It sounds so simple, but if you just be yourself, you're different than anyone else.
Well I am certainly wiser than this man. It is only too likely that neither of us has any knowledge to boast of; but he thinks that he knows something which he does not know, whereas I am quite conscious of my ignorance. At any rate it seems that I am wiser than he is to this small extent, that I do not think that I know what I do not know.
The children now love luxury; they have bad manners, contempt for authority; they show disrespect for elders and love chatter in place of exercise. Children are now tyrants, not the servants of their households. They no longer rise when elders enter the room. They contradict their parents, chatter before company, gobble up dainties at the table, cross their legs, and tyrannize their teachers.
One should never direct people towards happiness, because happiness too is an idol of the market-place. One should direct them towards mutual affection. A beast gnawing at its prey can be happy too, but only human beings can feel affection for each other, and this is the highest achievement they can aspire to.
But then they danced down the street like dingledodies, and shambled after as I've been doing all my life after people who interest me, because the only people for me are the mad ones, the ones who are mad to live, mad to talk, mad to be saved, desirous of everything at the same time, the ones who never yawn or say a commonplace thing, but burn, burn, burn like fabulous yellow roman candles exploding like spiders across the stars and in the middle you see the blue centerlight pop and everybody goes Awww!.
We're all fools...all the time. It's just we're a different kind each day. We think, I'm not a fool today. I've learned my lesson. I was a fool yesterday but not this morning. Then tomorrow we find out that, yes, we were a fool today too. I think the only way we can grow and get on in this world is to accept the fact we're not perfect and live accordingly.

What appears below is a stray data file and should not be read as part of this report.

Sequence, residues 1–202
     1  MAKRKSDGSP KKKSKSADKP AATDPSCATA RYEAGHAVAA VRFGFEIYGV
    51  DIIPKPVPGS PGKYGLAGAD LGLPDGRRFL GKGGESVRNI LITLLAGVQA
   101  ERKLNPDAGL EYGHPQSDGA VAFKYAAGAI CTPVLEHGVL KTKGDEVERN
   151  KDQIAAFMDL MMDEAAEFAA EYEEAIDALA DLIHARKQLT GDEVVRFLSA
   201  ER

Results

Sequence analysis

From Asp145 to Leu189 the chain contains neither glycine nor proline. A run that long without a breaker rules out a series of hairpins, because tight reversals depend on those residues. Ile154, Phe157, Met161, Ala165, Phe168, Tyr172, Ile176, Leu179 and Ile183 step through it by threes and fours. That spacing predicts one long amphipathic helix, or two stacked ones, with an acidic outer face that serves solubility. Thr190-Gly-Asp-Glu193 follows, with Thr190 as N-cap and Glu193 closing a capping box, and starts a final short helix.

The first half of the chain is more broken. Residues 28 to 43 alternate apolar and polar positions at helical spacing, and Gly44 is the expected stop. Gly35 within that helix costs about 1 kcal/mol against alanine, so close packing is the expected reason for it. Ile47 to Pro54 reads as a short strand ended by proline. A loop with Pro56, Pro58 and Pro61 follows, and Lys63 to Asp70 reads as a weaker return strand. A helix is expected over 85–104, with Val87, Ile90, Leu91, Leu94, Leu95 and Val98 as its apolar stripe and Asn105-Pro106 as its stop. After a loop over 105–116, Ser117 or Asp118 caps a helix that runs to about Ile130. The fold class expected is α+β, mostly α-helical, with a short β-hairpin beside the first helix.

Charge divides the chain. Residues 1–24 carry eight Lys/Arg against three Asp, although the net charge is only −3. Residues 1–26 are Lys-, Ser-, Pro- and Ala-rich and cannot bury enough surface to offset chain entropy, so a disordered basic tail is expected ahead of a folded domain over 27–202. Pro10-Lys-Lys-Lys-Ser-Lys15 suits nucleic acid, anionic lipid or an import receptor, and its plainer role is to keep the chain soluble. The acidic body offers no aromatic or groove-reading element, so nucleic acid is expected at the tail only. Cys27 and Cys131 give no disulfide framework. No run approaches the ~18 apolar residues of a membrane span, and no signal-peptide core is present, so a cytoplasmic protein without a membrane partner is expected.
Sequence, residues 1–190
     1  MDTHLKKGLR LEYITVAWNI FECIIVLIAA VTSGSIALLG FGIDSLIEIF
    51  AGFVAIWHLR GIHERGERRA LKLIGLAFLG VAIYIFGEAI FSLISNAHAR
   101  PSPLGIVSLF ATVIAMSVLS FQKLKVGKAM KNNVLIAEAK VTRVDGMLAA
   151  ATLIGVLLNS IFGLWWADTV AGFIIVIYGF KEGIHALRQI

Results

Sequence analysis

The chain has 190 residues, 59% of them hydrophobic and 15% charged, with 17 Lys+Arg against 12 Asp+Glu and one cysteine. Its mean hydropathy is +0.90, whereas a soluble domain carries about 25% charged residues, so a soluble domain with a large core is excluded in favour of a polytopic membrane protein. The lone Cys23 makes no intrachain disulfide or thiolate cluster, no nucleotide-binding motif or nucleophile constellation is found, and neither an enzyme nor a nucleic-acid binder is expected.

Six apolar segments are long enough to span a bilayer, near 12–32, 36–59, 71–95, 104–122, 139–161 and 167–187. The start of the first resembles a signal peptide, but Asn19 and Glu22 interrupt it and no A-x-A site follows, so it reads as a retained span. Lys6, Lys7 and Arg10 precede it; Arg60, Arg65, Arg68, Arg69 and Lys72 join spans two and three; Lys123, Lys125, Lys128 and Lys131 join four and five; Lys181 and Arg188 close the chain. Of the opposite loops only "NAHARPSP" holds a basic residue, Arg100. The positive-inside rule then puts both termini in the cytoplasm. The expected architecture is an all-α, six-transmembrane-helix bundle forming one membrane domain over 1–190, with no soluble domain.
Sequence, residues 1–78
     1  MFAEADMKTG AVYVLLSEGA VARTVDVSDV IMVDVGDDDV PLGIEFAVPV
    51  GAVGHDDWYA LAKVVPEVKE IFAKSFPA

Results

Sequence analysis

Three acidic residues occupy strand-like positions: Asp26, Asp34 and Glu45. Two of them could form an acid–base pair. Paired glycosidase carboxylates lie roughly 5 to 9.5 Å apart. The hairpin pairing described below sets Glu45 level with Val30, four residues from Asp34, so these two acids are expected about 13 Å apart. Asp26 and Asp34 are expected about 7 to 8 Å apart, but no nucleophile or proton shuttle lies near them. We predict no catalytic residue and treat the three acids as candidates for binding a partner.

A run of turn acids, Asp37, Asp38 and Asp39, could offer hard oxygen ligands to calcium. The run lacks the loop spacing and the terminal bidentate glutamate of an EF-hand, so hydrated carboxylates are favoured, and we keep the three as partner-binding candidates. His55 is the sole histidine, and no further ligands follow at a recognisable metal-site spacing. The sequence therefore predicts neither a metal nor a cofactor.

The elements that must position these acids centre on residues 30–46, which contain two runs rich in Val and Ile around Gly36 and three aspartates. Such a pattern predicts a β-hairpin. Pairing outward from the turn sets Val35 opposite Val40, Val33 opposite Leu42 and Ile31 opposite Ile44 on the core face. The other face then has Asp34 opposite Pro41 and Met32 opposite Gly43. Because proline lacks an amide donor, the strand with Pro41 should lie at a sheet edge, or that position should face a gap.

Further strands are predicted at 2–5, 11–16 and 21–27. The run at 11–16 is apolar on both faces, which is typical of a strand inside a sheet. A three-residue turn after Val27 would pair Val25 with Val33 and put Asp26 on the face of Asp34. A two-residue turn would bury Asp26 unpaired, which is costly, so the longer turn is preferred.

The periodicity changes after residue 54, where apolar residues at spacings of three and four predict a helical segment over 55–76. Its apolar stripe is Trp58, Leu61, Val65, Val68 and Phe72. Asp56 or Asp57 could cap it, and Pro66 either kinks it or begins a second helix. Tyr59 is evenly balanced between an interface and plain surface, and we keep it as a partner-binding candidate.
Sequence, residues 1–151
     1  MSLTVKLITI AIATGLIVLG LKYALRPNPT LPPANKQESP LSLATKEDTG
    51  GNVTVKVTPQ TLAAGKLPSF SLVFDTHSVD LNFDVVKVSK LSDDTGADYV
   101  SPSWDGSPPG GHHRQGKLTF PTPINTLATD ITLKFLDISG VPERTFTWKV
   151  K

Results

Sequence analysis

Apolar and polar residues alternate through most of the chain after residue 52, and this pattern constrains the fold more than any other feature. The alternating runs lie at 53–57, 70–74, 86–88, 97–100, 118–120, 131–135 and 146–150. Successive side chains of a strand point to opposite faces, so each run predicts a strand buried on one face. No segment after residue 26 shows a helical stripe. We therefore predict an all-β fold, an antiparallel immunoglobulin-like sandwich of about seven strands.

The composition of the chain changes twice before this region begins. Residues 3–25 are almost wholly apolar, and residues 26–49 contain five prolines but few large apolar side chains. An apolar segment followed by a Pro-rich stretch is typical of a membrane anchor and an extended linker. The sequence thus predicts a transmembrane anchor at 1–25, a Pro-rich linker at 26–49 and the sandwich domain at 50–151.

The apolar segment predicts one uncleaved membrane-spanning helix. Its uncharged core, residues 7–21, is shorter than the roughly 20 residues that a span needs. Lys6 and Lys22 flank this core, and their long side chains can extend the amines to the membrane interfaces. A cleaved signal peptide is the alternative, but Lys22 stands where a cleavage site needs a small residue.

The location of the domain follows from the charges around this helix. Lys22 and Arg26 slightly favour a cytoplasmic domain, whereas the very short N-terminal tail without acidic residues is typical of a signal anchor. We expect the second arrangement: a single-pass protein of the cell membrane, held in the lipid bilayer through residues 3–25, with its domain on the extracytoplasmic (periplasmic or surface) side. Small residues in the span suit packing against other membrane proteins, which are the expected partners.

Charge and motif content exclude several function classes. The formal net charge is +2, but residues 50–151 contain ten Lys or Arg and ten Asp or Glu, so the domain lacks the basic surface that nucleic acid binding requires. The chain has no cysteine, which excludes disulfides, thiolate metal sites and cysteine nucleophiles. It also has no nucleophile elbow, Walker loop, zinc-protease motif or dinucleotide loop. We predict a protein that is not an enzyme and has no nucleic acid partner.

But for me, being naked out of doors and in the water is one of the best ways I have ever found to restore my sense of blissful innocence. It takes me back to that place of my almost forgotten childhood, where I got to run around undressed without anyone telling me I had to cover up or be embarrassed.
Twenty-five years ago, while an undergraduate at Stanford, I got a job on campus as a lifeguard, deepening a love of swimming and water that has lasted throughout my life. I took the duties seriously and studied the swimmers with professional vigilance, relieved at the end of each day that no emergency rescue had been required. But the greatest challenge of the job was standing poolside in a bathing suit with my body on display.Work began in the locker room, where I changed into my Speedo and surveyed my reflection, assessing what would be on view for the next few hours. I was plagued by self-criticism. I imagined the swimmers judging my shape, until I made myself remember that I was there to guard their lives, not their fantasies. Later I performed my variation of the same ablutions everyone else did, showering and hair washing, the application of lotion and makeup -- preparations for re-entering the other world of walking upright on solid land.
One of the most satisfying experiences I know is fully to appreciate an individual in the same way I appreciate a sunset. When I look at a sunset...I don't find myself saying, 'Soften the orange a litle more on the right hand corner, and put a bit more purple along the base, and use a little more pink in the cloud color...' I don't try to control a sunset. I watch it with awe as it unfolds.http://www.listeningway.com/rogers2-eng.html